Exercise can help prevent many chronic illnesses as well as make it easier to manage health conditions, from diabetes to joint pain.
In terms of prevention, aim for the recommended 150 minutes of exercise, like brisk walking or cycling, each week. Along with eating a healthy diet, this can cut your risk of diabetes by more than a third, plus increase your level of good cholesterol. Exercise also lowers body weight, blood pressure and triglycerides, thus reducing key risk factors for heart disease.
If you’re already managing a chronic illness, exercise may improve symptoms and reduce the amount of medication you need to take. It builds muscle, which helps you move more easily, and reduces stress, which can aggravate many health conditions. Back pain and arthritis improve with the right stretching and exercise plan. If you have diabetes, exercise can improve blood sugar control.
To encourage us to make exercise a priority, Thomas Boyden, MD, a Spectrum Health Medical Group preventive cardiologist, details the many ways physical activity makes our lives better.
His top 10 reasons to exercise can provide a motivational boost to put down the smartphone and pick up the pace.
- Lowers blood pressure
- Lowers blood sugar
- Helps control cholesterol
- Builds bone strength
- Helps prevent dementia
- Fights depression, stress and anxiety
- Improves balance
- Reduces risk for heart attack and stroke
- Aids weight control
- Helps you sleep better
Exercise does not have to mean running a marathon, Dr. Boyden said. But it should involve activity more vigorous than a leisurely stroll.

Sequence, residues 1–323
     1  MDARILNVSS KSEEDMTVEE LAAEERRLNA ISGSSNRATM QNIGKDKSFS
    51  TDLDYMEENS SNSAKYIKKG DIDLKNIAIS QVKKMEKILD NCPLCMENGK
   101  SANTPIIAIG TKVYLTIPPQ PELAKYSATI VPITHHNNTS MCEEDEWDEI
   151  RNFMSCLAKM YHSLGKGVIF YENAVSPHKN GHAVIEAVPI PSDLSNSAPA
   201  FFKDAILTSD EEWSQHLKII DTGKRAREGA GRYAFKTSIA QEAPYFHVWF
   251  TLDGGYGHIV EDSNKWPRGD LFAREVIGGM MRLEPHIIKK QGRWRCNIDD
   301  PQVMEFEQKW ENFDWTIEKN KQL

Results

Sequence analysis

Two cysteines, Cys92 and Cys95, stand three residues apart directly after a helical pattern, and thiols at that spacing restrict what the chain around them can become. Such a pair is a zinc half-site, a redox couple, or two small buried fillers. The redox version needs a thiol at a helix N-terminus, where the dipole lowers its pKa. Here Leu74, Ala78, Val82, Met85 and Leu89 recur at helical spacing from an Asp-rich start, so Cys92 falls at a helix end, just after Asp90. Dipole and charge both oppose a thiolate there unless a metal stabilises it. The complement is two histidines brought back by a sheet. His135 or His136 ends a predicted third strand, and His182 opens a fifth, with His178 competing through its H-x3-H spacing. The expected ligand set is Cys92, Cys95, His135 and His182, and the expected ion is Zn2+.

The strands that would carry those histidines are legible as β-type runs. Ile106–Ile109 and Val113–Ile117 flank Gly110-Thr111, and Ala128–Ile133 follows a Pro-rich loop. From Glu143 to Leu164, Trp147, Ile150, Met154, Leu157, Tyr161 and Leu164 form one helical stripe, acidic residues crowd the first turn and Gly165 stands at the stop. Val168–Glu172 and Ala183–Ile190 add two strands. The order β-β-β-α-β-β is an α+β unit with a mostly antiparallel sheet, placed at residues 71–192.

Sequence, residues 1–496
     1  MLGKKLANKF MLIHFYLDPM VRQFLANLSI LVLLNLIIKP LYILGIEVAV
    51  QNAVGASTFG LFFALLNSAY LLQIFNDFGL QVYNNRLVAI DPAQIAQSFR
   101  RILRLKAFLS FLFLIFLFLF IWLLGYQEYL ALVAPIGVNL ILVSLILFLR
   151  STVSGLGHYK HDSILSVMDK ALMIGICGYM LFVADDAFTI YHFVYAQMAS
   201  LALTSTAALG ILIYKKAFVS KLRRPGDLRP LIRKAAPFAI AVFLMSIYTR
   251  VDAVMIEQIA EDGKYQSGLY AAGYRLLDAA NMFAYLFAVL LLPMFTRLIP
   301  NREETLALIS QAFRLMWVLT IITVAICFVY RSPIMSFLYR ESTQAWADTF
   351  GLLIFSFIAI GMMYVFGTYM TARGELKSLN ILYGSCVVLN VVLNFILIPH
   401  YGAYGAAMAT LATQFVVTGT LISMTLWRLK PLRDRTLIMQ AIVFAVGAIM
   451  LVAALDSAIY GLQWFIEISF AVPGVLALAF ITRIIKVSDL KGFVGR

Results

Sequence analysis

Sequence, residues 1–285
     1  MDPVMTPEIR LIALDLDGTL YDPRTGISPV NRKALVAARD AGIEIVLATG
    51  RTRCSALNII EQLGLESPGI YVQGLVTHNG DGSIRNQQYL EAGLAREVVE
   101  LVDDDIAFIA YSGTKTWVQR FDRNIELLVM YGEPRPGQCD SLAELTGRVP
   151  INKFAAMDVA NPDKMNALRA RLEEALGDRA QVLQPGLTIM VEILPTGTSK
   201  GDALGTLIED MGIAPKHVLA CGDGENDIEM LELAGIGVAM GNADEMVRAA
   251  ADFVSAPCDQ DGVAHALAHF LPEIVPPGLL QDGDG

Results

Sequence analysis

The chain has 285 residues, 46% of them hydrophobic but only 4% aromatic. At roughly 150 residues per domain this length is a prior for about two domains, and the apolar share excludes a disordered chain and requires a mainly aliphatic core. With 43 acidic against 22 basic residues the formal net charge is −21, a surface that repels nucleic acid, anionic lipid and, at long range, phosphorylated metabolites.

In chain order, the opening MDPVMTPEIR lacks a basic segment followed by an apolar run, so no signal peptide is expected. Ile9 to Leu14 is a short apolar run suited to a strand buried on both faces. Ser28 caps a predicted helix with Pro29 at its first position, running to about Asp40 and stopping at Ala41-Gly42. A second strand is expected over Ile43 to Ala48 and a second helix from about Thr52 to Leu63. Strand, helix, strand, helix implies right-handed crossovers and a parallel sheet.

Exercise’s health effects on:
- Heart disease: Regular aerobic exercise and interval training in particular are heart-healthy, boosting cardiovascular fitness.
- Back pain: Core exercises strengthen the muscles around your spine, creating better support for your spine.
- Arthritis: Exercise enhances the muscles that support your joints, making movement easier; it also eases stiffness.
- Diabetes: Exercise helps you use insulin more effectively and lower your blood sugar level.
- Asthma: Exercise can help control attacks.
If you’re managing an illness and haven’t been active, talk to your doctor about what exercises are safe, any precautions to take, what kind of discomfort is normal, and what are signs to stop, like feeling dizzy, short of breath or chest pain.
Working with your doctor is especially important when you have diabetes. Because exercise can affect blood sugar, you’ll need to take precautions to prevent blood sugar from becoming too low during workouts.
In terms of intensity, start off slow—that means you should be able to talk, but not sing, when working out.